Common name: Smallflower Wallaby Grass
Rytidosperma setaceum (R.Br.) Connor & Edgar APNI*
Synonyms: Austrodanthonia setacea (R.Br.) H.P.Linder APNI*
Danthonia setacea R.Br. APNI*
Danthonia penicillata var. setacea (R.Br.) Rodway APNI*
Description: Erect, densely caespitose perennials to c. 70 cm tall.
Culms 2–4-noded, sometimes geniculate at the lowest node, smooth, or somewhat pubescent just under the panicle. Sheaths usually tightly clasping the culms, or the lower sometimes becoming loose, glabrous or hirsute, finely striate, sometimes very minutely scaberulous; ligule reduced to a more or less dense ring of short hairs c. 0.5 mm long, usually with a few long cilia at the sides; blade mostly inrolled-filiform, rarely the upper somewhat flat, 5–20 cm long, often hirsute, distinctly ribbed and slightly scabrous on the upper surface.
Inflorescence at length exserted, linear, elliptic-lanceolate to ovate-lanceolate, 2.2–10.1 cm long, usually more or less contracted and rather dense. Spikelets 4–10-flowered, pale-coloured or purplish, the florets rather closely packed, 50–65% as long as glumes except for exserted awns. Glumes with narrow membranous margins, obscurely 3–5-nerved, 8–14 mm long. Lemmas 2–3.5 mm long, pale, linear-lanceolate or lanceolate-elliptical; lateral lobes narrow, thin, tapering into capillary setae; central awn exceeding the lateral lobes by 3–6 mm, twisted and light brown in the lower part. Palea narrowly oblong or oblanceolate, almost glabrous.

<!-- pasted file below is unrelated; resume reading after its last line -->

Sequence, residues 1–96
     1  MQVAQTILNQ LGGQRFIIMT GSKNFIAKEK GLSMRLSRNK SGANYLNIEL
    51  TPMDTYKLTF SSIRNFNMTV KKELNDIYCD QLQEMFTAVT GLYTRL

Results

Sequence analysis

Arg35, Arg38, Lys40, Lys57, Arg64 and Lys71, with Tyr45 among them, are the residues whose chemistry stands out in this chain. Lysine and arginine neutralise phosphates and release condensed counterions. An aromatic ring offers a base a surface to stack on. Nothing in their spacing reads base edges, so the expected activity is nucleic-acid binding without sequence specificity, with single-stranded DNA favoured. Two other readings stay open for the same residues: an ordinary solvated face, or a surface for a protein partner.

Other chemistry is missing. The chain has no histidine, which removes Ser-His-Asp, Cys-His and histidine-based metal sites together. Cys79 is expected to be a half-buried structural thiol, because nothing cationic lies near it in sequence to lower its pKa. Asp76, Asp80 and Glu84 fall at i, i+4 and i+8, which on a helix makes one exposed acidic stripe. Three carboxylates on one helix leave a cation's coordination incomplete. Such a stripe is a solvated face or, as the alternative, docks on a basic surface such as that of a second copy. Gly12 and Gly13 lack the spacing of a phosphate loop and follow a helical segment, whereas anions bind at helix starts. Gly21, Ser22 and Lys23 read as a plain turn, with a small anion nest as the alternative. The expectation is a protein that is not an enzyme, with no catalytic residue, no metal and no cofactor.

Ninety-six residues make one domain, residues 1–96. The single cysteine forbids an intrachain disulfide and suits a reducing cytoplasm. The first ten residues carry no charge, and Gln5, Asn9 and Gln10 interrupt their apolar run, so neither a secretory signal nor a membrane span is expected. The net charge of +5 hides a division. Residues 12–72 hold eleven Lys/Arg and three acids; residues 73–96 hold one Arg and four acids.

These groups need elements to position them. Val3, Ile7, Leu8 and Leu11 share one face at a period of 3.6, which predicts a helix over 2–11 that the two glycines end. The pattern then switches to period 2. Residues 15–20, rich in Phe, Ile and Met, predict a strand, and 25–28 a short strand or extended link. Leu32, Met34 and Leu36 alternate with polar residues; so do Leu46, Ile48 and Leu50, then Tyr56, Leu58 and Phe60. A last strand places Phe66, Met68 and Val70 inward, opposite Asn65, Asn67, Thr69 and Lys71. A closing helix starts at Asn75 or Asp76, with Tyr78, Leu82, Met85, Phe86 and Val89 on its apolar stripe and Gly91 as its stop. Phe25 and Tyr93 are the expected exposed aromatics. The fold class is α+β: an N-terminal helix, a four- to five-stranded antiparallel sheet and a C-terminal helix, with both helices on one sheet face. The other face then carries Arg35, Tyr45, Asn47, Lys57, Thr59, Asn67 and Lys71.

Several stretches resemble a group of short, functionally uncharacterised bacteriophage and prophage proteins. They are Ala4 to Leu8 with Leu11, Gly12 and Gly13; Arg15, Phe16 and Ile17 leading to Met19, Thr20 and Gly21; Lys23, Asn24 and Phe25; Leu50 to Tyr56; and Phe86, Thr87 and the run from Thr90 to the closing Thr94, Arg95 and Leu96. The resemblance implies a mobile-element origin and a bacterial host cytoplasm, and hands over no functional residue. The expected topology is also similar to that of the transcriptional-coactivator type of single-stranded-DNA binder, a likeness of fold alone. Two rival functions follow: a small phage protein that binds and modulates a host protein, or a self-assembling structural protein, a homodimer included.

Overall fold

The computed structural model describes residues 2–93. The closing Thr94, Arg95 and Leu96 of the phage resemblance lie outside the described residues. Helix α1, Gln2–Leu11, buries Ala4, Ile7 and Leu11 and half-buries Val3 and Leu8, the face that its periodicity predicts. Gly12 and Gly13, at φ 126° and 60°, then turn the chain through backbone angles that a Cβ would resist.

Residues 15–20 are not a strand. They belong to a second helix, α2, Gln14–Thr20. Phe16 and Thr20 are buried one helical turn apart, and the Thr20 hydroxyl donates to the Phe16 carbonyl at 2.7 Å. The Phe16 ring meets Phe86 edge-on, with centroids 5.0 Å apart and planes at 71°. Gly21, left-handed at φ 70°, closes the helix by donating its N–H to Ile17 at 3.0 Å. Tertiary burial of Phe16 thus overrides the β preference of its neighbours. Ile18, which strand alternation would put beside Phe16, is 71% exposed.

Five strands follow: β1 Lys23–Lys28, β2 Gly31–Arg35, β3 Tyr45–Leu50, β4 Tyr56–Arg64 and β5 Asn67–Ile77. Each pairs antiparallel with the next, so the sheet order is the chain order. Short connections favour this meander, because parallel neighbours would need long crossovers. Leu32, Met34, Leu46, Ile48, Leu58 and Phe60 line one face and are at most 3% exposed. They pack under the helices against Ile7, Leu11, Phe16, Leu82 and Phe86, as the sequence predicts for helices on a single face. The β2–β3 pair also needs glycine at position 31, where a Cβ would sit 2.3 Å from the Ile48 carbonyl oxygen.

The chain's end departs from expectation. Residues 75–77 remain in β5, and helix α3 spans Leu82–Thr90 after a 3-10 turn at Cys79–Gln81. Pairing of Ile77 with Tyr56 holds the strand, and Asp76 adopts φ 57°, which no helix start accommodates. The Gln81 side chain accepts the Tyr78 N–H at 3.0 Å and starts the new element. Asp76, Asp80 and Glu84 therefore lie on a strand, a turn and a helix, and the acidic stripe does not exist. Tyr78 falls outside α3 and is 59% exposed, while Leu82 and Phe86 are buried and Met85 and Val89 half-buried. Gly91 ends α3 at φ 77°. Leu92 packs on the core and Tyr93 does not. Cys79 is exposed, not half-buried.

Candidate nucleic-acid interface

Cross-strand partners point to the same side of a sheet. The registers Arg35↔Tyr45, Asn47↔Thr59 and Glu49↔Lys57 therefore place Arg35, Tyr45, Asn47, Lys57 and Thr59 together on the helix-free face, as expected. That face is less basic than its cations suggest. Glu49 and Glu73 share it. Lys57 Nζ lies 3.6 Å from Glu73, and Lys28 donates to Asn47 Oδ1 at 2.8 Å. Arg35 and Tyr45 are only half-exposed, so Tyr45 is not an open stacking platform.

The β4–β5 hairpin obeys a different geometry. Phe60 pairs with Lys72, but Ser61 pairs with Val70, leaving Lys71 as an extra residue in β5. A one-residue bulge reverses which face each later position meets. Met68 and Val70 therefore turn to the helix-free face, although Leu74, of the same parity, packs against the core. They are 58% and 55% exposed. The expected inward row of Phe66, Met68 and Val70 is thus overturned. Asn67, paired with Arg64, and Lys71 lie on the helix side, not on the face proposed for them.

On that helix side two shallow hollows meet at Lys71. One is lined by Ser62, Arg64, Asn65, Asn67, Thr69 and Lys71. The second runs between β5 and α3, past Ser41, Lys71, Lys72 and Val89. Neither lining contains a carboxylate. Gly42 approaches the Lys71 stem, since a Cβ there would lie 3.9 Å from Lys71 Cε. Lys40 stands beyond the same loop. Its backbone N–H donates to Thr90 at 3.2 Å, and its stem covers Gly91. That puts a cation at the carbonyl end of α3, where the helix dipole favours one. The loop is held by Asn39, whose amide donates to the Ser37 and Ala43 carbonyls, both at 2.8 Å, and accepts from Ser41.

Flowering: In response to rain.
Distribution and occurrence:
Widespread and abundant species, commonly associated with A. caespitosa and A. eriantha; a significant element in natural pastures and is hence of considerable economic importance as a pasture grass.
NSW subdivisions: CC, ST, NWS, CWS, SWS, SWP, SFWP
Other Australian states: Vic. S.A. Tas.
Text by Louisa Murray
Taxon concept: Jacobs, S.W.L., Whalley, R.D.B. & Wheeler, D.J.B. Grasses of New South Wales, Fourth Edition (2008).
APNI* Provides a link to the Australian Plant Name Index (hosted by the Australian National Botanic Gardens) for comprehensive bibliographic data
***The AVH map option provides a detailed interactive Australia wide distribution map drawn from collections held by all major Australian herbaria participating in the Australian Virtual Herbarium project.